Research FAQ

Some insurance companies do refuse to pay for care associated with participation in research studies. Medicare has specific rules about what types of studies they will reimburse for. Our Illinois CancerCare Financial Counselors are a great resource for this information. We recommend that you allow our Financial Counselors to review your insurance coverage rules or speak to your insurance carrier regarding any participation in a research study, rather than contacting the insurance carrier yourself.

A large number of our research studies are looking for patients at the time of their initial cancer diagnosis and some studies are for patients later in their cancer journey. Research as a last resort is an unfortunate myth. We encourage all of our patients to ask their doctor if there is a clinical trial available.

The health of millions has been improved because of advances in science and technology, and the willingness of thousands of individuals like you to take part in clinical research. The role of volunteer subjects as partners in clinical research is crucial in the quest for knowledge that will improve the health of future generations. Without your help, the research studies cannot be accomplished.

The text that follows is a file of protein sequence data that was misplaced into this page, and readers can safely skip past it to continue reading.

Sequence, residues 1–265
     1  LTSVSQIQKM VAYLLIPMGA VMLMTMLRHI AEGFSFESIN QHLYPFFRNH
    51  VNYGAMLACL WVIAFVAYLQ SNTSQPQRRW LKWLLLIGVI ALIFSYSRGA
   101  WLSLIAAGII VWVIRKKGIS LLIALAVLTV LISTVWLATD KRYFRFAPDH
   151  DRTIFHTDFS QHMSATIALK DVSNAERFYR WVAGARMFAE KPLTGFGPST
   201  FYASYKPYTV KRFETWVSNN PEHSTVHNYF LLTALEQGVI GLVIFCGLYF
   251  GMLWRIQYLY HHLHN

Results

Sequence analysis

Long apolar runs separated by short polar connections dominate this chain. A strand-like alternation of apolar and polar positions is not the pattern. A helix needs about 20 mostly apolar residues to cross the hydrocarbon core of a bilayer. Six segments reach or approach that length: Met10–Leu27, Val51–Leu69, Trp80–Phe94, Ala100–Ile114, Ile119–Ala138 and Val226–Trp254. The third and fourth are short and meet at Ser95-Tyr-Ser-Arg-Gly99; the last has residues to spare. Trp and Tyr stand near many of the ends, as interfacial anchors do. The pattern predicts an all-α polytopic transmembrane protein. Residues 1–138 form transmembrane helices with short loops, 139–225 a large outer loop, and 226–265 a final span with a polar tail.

Clinical studies are research studies in which real people participate as volunteers. Clinical research studies (sometimes called trials or protocols) are a means of developing new treatments and medications for diseases and conditions. There are strict rules for clinical trials, which are monitored by the National Institutes of Health and the U.S. Food and Drug Administration. Some of the research studies at Illinois CancerCare involve promising new treatments that may directly benefit patients.

Randomization is when two or more alternative treatments are selected by chance, not by choice. The treatment chosen is given with the highest level of professional care and expertise, and the results of each treatment are compared. Analyses are done at intervals during a trial, which may last years. As soon as one treatment is found to be definitely superior, the trial is stopped. In this way, the fewest number of patients receive the less beneficial treatment.

Risks are involved in clinical research, as in routine medical care and activities of daily living. The specific risks associated with any research protocol are described in detail in the consent document, which you are asked to sign before taking part in research. In addition, the major risks of participating in a study will be explained to you by a member of the research team, who will answer your questions about the study. Although you may not receive any direct benefit as a result of participating in research, the knowledge developed may help others.

Placebos are harmless, inactive substances made to look like the real medicine used in the clinical trial. Placebos allow the investigators to learn whether the medicine being given works better or no better than ordinary treatment. If a placebo is part of a study, you will always be informed in the consent form given to you before you agree to take part in the study.

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